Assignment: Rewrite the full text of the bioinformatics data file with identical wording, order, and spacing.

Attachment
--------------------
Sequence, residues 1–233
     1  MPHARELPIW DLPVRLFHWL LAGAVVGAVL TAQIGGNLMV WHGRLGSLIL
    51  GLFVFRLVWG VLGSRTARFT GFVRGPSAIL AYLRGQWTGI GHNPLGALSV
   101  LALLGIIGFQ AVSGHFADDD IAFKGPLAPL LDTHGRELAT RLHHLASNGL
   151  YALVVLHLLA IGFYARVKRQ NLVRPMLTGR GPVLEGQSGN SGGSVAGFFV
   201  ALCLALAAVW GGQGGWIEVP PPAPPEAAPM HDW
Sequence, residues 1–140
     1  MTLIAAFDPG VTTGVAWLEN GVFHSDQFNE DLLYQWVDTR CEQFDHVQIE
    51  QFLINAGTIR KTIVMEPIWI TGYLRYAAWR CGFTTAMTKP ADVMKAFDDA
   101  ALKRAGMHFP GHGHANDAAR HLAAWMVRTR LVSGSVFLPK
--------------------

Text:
Sequence, residues 1–233
     1  MPHARELPIW DLPVRLFHWL LAGAVVGAVL TAQIGGNLMV WHGRLGSLIL
    51  GLFVFRLVWG VLGSRTARFT GFVRGPSAIL AYLRGQWTGI GHNPLGALSV
   101  LALLGIIGFQ AVSGHFADDD IAFKGPLAPL LDTHGRELAT RLHHLASNGL
   151  YALVVLHLLA IGFYARVKRQ NLVRPMLTGR GPVLEGQSGN SGGSVAGFFV
   201  ALCLALAAVW GGQGGWIEVP PPAPPEAAPM HDW
Sequence, residues 1–140
     1  MTLIAAFDPG VTTGVAWLEN GVFHSDQFNE DLLYQWVDTR CEQFDHVQIE
    51  QFLINAGTIR KTIVMEPIWI TGYLRYAAWR CGFTTAMTKP ADVMKAFDDA
   101  ALKRAGMHFP GHGHANDAAR HLAAWMVRTR LVSGSVFLPK